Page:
Device to Device (D2D)
Device-to-Device (D2D) communication in cellular networks is defined as direct communication between two mobile users without traversing the Base Station (BS) or core network. D2D communication is generally non-transparent to the cellular network and it can occur on the cellular frequencies (i.e., inband) or unlicensed spectrum (i.e., outband). In a traditional cellular network, all communications must go through the BS even if communicating parties are in range for proximity-based D2D communication. Communication through BS suits conventional low data rate mobile services such as voice call and text messaging in which users are seldom close enough for direct communication. However, mobile users in today's cellular networks use high data rate services (e.g., video sharing, gaming, proximity-aware social networking) in which they could potentially be in range for direct communications (i.e., D2D). Hence, D2D communications in such scenarios can greatly increase the spectral efficiency of the network. The advantages of D2D communications go beyond spectral efficiency; they can potentially improve throughput, energy efficiency, delay, and fairness.
Direct Device-to-Device (D2D) communication, which refers to direct communication between devices (i.e. users) without data traffic going through any infrastructure node, has been widely foreseen to be an important cornerstone to improve system performance and support new services beyond 2020 in the future fifth generation (5G) system. In general, the benefits resulting from D2D operation include, among others, highly increased spectral efficiency, improved typical user data rate and capacity per area, extended coverage, reduced latency, and enhanced cost and power efficiency. These benefits are resulting from the proximity of the users employing D2D communication (proximity gain), an increased spatial reuse of time and frequency resources (reuse gain) and from using a single link in the D2D mode rather than using both an uplink and a downlink resource when communicating via the base station in the cellular mode (hop gain). The chapter starts with an overview of the fourth generation (4G) D2D development. Afterward, the challenges to be addressed in the context of 5G D2D and related key enablers are discussed. In particular, this chapter covers Radio Resource Management (RRM) for mobile broadband applications, multi-hop D2D communication, especially for public safety and emergency services, and multi-operator D2D communication.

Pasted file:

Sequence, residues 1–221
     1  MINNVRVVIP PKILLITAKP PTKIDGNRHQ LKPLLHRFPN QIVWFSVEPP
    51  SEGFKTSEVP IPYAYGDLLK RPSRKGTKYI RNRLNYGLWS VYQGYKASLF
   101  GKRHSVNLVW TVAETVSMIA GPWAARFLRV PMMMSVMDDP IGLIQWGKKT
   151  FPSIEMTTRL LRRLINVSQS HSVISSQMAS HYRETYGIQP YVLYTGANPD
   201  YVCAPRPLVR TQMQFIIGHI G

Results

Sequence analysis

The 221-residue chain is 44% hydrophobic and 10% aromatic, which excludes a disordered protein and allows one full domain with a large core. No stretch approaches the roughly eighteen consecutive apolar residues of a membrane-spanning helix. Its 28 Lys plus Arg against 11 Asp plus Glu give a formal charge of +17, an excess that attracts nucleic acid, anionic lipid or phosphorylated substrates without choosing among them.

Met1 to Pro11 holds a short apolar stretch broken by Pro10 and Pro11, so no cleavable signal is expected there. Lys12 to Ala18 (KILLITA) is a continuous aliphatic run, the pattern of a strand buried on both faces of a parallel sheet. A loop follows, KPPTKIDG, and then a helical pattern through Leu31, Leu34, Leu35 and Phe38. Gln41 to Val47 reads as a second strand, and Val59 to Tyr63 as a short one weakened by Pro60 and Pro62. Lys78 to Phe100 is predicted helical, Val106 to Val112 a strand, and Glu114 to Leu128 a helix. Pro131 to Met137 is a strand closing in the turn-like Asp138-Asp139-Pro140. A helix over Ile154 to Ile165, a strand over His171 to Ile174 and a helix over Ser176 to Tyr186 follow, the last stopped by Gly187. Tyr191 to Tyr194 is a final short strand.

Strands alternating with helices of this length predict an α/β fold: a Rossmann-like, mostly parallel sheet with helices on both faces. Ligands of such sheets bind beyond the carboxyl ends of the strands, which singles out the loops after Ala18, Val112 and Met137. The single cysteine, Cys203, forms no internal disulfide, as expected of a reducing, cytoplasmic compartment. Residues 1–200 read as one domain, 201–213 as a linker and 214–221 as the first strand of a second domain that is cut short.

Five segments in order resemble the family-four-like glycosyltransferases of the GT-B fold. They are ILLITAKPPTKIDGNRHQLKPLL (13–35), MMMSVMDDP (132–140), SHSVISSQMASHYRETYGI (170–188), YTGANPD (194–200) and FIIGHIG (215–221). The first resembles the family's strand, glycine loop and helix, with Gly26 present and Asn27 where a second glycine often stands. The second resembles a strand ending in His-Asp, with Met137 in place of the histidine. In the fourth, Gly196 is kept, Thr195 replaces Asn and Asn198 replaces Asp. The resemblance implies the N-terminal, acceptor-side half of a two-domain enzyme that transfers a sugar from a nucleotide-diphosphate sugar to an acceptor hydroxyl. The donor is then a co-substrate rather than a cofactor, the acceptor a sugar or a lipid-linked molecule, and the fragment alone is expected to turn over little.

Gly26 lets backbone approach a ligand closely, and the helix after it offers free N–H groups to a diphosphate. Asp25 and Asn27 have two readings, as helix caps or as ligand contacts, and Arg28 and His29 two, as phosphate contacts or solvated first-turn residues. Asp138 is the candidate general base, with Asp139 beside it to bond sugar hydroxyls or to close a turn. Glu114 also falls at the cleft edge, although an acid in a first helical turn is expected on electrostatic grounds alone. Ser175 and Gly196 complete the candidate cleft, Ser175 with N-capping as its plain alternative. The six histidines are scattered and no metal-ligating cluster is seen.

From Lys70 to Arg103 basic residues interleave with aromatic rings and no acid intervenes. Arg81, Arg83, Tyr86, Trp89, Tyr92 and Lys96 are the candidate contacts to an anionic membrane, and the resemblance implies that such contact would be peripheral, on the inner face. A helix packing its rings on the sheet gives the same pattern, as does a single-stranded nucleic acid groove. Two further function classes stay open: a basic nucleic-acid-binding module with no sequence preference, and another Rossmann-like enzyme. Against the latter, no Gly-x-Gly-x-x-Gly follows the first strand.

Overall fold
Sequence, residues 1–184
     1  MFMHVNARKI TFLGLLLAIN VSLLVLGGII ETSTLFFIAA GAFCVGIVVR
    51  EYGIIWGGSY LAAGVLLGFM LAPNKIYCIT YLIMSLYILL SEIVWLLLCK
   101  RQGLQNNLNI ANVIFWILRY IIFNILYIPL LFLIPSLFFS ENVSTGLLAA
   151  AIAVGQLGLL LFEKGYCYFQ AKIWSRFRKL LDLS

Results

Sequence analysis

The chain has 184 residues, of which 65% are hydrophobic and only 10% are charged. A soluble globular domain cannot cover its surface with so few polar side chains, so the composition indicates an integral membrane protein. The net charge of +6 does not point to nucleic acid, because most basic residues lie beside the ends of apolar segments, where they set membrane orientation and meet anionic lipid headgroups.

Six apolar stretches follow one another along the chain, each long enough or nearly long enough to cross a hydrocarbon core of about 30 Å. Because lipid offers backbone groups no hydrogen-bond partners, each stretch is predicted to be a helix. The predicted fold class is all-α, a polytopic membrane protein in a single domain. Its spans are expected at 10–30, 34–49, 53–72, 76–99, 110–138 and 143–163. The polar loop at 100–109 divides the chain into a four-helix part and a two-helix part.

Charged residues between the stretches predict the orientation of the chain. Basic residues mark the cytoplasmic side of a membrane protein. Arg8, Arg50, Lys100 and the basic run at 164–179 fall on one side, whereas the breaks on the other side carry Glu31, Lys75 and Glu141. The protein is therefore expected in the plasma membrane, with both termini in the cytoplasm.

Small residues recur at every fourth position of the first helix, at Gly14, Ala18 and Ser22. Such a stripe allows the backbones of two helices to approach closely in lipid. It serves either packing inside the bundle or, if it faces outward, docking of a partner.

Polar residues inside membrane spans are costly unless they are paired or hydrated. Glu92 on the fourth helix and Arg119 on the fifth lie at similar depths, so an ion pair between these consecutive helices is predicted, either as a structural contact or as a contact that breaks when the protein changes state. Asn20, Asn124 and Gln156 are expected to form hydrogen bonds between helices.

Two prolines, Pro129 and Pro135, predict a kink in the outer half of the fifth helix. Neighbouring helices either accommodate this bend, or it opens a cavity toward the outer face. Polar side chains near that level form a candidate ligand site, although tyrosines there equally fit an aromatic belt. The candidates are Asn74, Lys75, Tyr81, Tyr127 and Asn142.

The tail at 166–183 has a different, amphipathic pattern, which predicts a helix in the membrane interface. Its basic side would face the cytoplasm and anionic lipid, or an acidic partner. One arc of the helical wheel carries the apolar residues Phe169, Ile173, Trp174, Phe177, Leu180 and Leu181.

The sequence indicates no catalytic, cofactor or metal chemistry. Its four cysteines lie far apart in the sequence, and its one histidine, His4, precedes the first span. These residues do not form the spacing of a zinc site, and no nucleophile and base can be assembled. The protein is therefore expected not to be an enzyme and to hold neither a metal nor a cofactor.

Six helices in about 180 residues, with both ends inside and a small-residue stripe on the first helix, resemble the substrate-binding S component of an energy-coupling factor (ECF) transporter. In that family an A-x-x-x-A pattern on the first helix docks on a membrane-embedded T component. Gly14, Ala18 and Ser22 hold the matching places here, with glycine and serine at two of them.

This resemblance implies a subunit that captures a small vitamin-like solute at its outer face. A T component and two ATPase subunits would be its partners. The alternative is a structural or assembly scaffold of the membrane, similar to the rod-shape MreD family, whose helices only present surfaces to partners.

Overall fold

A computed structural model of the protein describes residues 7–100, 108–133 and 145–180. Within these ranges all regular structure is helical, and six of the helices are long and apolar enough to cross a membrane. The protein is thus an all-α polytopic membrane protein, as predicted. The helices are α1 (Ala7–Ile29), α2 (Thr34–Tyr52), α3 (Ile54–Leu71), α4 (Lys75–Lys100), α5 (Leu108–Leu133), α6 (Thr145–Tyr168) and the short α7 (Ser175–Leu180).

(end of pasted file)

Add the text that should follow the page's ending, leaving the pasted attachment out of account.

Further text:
D2D: from 4G to 5G
In the future 5G system, it is predicted that network-controlled direct D2D communication offers the opportunity for local management of short-distance communication links and allows separating local traffic from the global network (i.e. local traffic offloading). By doing this, it will not only remove the load burden on the backhaul and core network caused by data transfer and related signaling, but also reduce the necessary effort for managing traffic at central network nodes. Direct D2D communication therefore extends the idea of distributed network management by incorporating the end devices into the network management concept. In this way, the wireless user device with D2D capability can have a dual role: either acting as an infrastructure node and/or as an end-user device in a similar way as a traditional device. Further, direct D2D facilitates low-latency communication due to the local communication link between users in proximity. In fact, direct D2D has been seen as one of the necessary features to support real-time services in the future 5G system. Another important aspect is reliability, where an additional D2D link can be employed to increase reliability through a larger extent of diversity.